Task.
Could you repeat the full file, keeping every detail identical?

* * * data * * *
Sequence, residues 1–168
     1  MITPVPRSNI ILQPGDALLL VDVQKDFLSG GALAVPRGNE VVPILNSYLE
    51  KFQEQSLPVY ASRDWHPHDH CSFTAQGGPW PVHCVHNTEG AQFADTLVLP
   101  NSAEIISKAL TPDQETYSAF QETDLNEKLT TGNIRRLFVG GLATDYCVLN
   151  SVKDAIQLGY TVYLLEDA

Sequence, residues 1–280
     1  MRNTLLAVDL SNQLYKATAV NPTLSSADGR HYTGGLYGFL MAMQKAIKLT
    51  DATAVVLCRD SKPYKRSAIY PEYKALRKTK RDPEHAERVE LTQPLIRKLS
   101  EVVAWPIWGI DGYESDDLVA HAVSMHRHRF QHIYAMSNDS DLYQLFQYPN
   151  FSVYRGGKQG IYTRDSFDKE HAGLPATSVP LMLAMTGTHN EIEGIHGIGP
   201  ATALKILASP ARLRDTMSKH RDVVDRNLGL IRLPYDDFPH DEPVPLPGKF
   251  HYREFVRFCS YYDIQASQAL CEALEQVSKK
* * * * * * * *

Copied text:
Sequence, residues 1–168
     1  MITPVPRSNI ILQPGDALLL VDVQKDFLSG GALAVPRGNE VVPILNSYLE
    51  KFQEQSLPVY ASRDWHPHDH CSFTAQGGPW PVHCVHNTEG AQFADTLVLP
   101  NSAEIISKAL TPDQETYSAF QETDLNEKLT TGNIRRLFVG GLATDYCVLN
   151  SVKDAIQLGY TVYLLEDA

Sequence, residues 1–280
     1  MRNTLLAVDL SNQLYKATAV NPTLSSADGR HYTGGLYGFL MAMQKAIKLT
    51  DATAVVLCRD SKPYKRSAIY PEYKALRKTK RDPEHAERVE LTQPLIRKLS
   101  EVVAWPIWGI DGYESDDLVA HAVSMHRHRF QHIYAMSNDS DLYQLFQYPN
   151  FSVYRGGKQG IYTRDSFDKE HAGLPATSVP LMLAMTGTHN EIEGIHGIGP
   201  ATALKILASP ARLRDTMSKH RDVVDRNLGL IRLPYDDFPH DEPVPLPGKF
   251  HYREFVRFCS YYDIQASQAL CEALEQVSKK